New House Panel To Focus on Youth, Families
Washington--The House of Representatives last week voted to create a new Congressional committee to oversee federal programs that affect children and young people.
In approving a proposal by Representative George Miller, Democrat of California, and 200 co-sponsors, the House established a 30-member House Select Committee on Children, Youth, and Families. No comparable proposal has been introduced in the Senate.
The committee, whose members will be chosen by the Speaker of the House in January, will operate for four years, "making an assessment of what's happening to children in this nation, given the economic problems and the changes made in federal programs during the past two years," said Ann Rosewater, an aide to Representative Miller.
"Jurisdiction over issues relating to children, youth, and families is shared by at least 13 of the 22 House standing committees and numerous subcommittees," said the report of the House Rules Committee, which approved the bill for last Wednesday's vote on the House floor.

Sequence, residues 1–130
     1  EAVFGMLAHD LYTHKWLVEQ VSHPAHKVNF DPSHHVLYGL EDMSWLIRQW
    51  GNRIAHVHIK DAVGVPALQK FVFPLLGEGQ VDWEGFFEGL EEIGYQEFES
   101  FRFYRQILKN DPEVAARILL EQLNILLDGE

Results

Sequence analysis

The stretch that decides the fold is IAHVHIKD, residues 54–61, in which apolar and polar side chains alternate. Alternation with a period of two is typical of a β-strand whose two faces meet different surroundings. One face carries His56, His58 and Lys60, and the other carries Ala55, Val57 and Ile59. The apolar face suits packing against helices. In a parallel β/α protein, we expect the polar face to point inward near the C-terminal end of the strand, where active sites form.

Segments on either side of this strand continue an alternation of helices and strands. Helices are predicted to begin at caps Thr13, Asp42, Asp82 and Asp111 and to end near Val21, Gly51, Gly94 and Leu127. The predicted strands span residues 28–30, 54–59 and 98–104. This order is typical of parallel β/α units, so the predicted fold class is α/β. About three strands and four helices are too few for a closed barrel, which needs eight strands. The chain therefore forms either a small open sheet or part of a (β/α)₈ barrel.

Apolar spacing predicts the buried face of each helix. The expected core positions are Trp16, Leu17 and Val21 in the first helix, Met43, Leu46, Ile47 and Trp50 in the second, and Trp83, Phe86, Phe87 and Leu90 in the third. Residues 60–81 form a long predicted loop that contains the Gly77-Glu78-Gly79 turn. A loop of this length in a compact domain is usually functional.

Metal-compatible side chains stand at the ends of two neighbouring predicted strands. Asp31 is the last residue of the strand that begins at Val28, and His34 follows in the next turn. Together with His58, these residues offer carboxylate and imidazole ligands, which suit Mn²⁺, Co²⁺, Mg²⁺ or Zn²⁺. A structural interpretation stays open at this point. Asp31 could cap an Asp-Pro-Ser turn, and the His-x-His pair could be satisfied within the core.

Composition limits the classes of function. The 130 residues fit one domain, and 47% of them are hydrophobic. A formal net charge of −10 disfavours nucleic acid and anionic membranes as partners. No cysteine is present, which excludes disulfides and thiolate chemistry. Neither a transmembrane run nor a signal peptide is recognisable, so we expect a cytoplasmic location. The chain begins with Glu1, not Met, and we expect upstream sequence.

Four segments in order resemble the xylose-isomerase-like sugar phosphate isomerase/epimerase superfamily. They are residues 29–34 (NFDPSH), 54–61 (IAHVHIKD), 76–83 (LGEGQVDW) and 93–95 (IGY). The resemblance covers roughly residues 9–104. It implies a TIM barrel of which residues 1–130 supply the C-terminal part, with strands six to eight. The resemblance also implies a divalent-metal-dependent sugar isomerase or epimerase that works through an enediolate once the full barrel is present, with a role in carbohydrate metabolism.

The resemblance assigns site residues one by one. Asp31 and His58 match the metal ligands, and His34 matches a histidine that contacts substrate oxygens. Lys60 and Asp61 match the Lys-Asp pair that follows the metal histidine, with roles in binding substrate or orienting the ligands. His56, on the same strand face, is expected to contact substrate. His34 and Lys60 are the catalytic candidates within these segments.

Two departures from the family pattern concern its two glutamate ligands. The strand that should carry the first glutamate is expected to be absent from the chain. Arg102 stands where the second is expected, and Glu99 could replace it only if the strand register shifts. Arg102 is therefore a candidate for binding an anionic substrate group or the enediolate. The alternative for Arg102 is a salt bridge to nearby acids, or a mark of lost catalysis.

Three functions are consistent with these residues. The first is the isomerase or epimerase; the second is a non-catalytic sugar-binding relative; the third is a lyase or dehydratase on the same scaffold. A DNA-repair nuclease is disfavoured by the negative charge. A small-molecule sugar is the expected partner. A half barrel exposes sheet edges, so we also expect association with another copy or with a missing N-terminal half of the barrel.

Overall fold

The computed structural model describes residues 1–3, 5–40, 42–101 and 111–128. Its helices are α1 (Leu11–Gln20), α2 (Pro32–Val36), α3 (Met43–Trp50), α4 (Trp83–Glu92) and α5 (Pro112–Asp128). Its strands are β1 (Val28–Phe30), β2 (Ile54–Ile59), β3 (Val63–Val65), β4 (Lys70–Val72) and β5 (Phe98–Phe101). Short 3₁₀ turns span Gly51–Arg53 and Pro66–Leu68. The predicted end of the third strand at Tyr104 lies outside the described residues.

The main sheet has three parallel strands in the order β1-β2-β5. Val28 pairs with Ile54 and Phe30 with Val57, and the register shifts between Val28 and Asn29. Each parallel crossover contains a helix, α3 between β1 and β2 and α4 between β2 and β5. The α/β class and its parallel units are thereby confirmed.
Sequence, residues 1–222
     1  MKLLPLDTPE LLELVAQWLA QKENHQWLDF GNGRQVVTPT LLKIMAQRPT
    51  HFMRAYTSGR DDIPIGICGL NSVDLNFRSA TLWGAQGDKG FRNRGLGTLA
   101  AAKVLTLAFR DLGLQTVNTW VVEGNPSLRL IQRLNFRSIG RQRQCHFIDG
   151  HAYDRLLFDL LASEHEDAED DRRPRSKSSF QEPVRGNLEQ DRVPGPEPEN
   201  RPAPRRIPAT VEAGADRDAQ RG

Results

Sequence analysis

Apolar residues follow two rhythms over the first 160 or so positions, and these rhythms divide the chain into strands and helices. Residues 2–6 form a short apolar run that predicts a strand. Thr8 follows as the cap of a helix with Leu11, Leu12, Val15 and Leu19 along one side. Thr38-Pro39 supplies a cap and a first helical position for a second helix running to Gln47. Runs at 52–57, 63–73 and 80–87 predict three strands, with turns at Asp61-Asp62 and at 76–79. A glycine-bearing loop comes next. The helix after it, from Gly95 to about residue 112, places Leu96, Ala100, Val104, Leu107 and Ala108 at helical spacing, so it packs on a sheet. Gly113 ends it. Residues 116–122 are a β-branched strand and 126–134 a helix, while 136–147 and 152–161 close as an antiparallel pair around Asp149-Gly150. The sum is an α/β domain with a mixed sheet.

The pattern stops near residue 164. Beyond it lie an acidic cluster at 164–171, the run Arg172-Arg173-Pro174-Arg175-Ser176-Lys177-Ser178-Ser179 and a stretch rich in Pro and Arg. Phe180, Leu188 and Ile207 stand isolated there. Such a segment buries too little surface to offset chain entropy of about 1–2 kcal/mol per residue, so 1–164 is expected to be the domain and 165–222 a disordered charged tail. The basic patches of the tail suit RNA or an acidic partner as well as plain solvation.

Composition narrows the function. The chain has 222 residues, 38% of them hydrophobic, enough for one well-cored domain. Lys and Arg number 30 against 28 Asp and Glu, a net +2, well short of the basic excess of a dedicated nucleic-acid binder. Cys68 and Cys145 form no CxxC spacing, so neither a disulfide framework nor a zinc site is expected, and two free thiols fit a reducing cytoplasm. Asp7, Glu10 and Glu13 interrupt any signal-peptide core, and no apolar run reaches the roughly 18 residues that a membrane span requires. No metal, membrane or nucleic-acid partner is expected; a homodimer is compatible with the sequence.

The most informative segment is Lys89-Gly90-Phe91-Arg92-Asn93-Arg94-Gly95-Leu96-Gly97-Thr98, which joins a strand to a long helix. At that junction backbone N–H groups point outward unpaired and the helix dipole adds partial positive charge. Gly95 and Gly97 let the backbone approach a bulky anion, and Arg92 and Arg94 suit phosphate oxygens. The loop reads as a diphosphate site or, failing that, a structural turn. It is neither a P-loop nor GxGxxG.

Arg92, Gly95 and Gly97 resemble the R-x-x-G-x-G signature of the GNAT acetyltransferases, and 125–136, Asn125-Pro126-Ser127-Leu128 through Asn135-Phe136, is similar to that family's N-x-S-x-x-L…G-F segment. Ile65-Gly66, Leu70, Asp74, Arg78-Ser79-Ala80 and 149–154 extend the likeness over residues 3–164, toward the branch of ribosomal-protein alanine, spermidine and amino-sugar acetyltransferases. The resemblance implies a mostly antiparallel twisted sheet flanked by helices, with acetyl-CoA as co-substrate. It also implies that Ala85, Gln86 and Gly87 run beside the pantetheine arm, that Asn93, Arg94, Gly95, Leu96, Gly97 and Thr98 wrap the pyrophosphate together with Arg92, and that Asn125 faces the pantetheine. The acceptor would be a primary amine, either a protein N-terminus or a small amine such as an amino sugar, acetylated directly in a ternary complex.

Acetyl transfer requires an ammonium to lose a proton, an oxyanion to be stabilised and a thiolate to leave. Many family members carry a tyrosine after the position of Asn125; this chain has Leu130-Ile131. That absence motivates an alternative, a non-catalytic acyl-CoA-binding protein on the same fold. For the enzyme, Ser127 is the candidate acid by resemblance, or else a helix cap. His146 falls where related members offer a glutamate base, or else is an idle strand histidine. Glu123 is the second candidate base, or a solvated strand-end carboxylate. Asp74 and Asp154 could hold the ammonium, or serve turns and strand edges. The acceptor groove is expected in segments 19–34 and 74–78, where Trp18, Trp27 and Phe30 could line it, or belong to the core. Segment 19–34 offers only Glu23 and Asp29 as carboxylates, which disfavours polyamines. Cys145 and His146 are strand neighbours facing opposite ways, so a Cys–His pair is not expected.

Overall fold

"The decisions of the federal government involving education, recreation, employment, health and nutrition, law enforcement, or economic policy have a substantial effect upon the well-being of American children and their families. ... Yet there is no single agency or Congressional committee which focuses on the diverse and complex issues affecting this vulnerable group of our society," the report said.
The new committee will not have the power to pass legislation, however. Its duties, as determined by the Rules Committee, will include:
Conducting a study of the problems of children, youth, and families, including "income maintenance, health, nutrition, education, welfare, employment, and recreation";
Determining "means and methods of encouraging the development of public and private programs and policies" to assist children and young people in becoming "productive citizens"; and
Encouraging the "coordination of both governmental and private programs" that would help alleviate the "problems of childhood and adolescence."
A total of 144 organizations, including education groups such as the National pta as well as groups such as the American Bar Association and the United States Conference of Mayors, supported the creation of the committee.